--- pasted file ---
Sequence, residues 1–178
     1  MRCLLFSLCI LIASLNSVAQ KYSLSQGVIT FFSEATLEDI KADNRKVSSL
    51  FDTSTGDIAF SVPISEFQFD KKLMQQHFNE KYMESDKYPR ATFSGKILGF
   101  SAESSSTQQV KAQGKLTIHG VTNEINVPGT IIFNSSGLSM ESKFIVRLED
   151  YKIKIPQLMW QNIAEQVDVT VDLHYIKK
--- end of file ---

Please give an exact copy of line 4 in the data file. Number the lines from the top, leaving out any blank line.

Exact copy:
   101  SAESSSTQQV KAQGKLTIHG VTNEINVPGT IIFNSSGLSM ESKFIVRLED